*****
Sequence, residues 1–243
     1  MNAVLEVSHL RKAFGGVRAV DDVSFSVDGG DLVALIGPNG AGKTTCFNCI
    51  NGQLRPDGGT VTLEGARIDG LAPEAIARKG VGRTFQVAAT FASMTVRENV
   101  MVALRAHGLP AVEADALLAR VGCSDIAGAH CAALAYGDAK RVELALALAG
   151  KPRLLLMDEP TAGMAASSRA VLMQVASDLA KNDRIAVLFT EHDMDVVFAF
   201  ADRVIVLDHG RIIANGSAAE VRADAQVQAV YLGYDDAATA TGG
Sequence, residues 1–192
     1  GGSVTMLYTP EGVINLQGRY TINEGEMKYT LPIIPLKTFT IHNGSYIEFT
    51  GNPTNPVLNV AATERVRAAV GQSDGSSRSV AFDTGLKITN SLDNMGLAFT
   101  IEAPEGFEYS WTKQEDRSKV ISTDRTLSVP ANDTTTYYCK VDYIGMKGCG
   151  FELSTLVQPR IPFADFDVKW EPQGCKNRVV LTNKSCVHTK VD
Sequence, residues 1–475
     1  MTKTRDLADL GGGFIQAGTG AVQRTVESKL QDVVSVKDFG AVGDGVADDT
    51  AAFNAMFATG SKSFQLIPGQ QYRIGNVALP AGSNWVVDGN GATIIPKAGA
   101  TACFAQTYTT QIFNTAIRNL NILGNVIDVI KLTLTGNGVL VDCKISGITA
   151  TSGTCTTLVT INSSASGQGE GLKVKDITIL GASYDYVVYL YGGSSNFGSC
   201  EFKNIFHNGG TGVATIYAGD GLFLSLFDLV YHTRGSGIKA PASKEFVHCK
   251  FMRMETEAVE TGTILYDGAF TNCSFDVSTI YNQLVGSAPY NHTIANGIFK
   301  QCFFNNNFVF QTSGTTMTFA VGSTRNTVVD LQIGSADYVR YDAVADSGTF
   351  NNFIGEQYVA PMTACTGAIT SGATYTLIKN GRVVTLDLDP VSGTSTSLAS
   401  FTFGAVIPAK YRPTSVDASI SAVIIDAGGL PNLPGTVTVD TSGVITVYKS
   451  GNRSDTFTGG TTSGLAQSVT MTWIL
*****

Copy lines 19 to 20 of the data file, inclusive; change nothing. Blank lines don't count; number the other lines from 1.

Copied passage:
   301  QCFFNNNFVF QTSGTTMTFA VGSTRNTVVD LQIGSADYVR YDAVADSGTF
   351  NNFIGEQYVA PMTACTGAIT SGATYTLIKN GRVVTLDLDP VSGTSTSLAS